My 4th grader can manage her workload pretty well but when I check in with her I get the same obstinate attitude and she does need reminders and check ins. It’s so hard to manage them both all day while also doing my own work. I’m up past midnight most nights trying to finish my own stuff because they require so much of my attention during the day. They also require all my positivity, and then some.

    I know those articles are click bate and speculative but I have to say, as a teacher in a public school, I very much doubt we will be returning normally in the fall. There is just no way to do it, at least not safely. Maybe by then we will have thrown “safely” out the window as an impossible prospect (as seems to be the attitude in a lot of states already), but if “safely” is still the goal (and I believe unions will fight for that goal, even if states and districts are less concerned) we can’t possibly start normally in the fall. There I just no way.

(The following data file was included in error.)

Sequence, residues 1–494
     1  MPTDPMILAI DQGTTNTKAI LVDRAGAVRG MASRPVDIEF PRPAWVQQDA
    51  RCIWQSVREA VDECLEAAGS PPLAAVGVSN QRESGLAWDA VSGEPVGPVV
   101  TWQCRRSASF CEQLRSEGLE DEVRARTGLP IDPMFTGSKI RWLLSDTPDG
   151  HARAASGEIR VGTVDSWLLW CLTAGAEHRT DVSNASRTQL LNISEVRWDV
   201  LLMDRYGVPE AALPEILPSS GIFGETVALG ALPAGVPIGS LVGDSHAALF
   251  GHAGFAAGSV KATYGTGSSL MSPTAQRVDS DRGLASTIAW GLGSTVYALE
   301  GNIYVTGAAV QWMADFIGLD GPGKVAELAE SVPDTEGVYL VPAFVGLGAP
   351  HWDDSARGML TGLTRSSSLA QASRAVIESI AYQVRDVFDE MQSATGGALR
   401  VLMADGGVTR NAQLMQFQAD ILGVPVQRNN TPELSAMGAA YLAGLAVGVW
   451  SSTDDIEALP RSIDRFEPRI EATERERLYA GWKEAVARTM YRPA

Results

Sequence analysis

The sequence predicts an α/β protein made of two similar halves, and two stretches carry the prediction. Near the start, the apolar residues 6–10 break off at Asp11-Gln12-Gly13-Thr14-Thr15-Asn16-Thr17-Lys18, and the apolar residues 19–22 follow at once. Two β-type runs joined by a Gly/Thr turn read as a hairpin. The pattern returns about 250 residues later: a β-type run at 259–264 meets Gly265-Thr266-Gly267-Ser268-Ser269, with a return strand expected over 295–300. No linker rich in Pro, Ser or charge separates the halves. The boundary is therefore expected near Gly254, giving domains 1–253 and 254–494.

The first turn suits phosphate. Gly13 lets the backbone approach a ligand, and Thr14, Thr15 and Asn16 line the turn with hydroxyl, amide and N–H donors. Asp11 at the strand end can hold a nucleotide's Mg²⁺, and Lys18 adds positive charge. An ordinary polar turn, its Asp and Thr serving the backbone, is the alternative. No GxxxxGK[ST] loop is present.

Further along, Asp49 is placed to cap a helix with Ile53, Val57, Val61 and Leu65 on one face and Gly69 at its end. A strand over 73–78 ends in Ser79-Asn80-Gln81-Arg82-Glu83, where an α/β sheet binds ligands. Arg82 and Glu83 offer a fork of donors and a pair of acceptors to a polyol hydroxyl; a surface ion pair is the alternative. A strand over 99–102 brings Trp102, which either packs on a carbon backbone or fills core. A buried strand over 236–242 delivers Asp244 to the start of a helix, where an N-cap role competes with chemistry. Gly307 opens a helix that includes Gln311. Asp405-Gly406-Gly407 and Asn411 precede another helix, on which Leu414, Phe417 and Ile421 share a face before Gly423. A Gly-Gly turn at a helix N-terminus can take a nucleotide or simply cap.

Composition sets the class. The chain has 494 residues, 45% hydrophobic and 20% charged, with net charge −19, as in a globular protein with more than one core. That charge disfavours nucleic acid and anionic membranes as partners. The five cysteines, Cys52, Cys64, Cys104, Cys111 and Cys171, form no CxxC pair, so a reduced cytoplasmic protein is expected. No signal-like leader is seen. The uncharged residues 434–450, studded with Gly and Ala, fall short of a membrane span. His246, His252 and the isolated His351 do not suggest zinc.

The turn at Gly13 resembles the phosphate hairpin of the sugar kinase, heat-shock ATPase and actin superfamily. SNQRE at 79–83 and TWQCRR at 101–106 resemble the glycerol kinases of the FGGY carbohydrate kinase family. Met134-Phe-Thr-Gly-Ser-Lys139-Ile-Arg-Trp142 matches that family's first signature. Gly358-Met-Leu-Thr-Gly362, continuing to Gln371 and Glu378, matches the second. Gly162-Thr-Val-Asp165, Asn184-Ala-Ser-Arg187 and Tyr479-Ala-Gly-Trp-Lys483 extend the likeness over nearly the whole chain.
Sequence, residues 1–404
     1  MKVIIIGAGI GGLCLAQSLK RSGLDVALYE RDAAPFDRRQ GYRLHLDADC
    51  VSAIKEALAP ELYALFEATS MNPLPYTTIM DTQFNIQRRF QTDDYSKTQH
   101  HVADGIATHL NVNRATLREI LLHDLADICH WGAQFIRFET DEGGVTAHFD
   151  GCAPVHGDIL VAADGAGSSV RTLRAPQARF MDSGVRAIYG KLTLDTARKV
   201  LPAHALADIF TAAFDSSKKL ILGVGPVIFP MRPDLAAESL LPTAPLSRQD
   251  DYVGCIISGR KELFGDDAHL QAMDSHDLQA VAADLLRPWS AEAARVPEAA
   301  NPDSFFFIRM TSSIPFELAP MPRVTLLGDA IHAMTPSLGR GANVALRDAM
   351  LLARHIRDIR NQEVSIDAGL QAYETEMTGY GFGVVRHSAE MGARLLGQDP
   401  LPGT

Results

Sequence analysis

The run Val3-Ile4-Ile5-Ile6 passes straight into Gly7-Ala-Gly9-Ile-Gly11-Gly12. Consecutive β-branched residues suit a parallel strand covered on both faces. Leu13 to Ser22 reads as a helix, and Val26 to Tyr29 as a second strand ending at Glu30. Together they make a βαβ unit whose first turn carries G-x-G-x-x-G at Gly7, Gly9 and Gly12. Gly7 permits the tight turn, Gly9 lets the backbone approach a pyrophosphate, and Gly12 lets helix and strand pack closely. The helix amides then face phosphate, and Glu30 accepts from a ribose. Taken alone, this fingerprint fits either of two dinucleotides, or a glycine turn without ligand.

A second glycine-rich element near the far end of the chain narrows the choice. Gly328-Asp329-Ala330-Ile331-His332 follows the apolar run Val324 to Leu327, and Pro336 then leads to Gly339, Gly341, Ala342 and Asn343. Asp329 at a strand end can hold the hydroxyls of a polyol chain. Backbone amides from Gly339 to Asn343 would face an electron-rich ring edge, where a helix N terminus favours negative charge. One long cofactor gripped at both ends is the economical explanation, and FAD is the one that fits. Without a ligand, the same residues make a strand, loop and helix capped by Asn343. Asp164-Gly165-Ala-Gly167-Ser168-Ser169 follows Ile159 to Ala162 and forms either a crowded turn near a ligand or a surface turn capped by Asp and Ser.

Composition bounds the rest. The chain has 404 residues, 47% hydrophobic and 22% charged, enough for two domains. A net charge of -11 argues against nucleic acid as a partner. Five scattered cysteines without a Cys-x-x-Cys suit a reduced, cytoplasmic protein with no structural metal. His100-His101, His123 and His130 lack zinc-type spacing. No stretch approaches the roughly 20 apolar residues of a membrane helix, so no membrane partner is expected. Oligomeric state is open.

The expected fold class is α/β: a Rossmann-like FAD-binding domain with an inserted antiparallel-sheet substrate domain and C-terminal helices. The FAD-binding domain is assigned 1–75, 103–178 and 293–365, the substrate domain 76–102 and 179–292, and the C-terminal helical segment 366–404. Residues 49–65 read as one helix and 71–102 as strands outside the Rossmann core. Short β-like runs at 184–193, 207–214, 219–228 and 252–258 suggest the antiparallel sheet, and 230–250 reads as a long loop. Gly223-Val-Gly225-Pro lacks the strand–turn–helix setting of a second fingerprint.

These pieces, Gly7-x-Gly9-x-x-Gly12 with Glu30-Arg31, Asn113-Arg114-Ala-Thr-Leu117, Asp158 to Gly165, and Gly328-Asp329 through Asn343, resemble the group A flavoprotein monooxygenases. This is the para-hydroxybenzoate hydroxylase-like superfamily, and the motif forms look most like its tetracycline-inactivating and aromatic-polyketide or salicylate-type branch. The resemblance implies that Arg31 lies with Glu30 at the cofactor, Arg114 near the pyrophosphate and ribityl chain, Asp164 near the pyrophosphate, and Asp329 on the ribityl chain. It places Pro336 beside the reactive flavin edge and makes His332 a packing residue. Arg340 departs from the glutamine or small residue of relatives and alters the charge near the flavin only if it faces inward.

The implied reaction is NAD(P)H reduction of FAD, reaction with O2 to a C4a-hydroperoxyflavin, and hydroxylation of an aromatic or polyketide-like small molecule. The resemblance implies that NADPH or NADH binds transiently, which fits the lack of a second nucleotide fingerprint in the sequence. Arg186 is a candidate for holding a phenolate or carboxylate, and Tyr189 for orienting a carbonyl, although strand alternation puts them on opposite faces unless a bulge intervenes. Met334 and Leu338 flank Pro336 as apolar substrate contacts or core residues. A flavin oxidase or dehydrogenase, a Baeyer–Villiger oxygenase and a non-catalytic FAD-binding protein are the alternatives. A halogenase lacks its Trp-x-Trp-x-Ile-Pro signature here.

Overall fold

• Reply Noemi May 7, 2020 at 12:10 pm

      I didn’t mean for that first paragraph to sound harsh or judgey. I was trying to post a comment before I got up to start the day and I didn’t reread for tone before I pushed the button. I’m sure you are participating plenty, I just meant that being able to step outside of it on a regular basis probably helps keep the stress level down. The distance learning aspect is so stressful, at least for me. But I’m also a teacher and I have a hard time letting it go, like a lot of smarter parents are doing. They are right that expectations from school are low and that a lot is optional. I struggle to find the balance of empowering my kids to choose what feels meaningful to them and to show them that, when possible, we expect them to do the work that is assigned. Maybe when they are older helping them determine those boundaries will feel more organic, but right now I assume that when they don’t want to do something it’s because they just don’t want to do it and teaching them that they actually can manage to do it helps them develop resilience or grit? Or maybe I am just a rule follower. That is probably it. I’m kind of rambling now and the class zooms are soon so I’ll stop. Thank you for reading my comments with an open mind.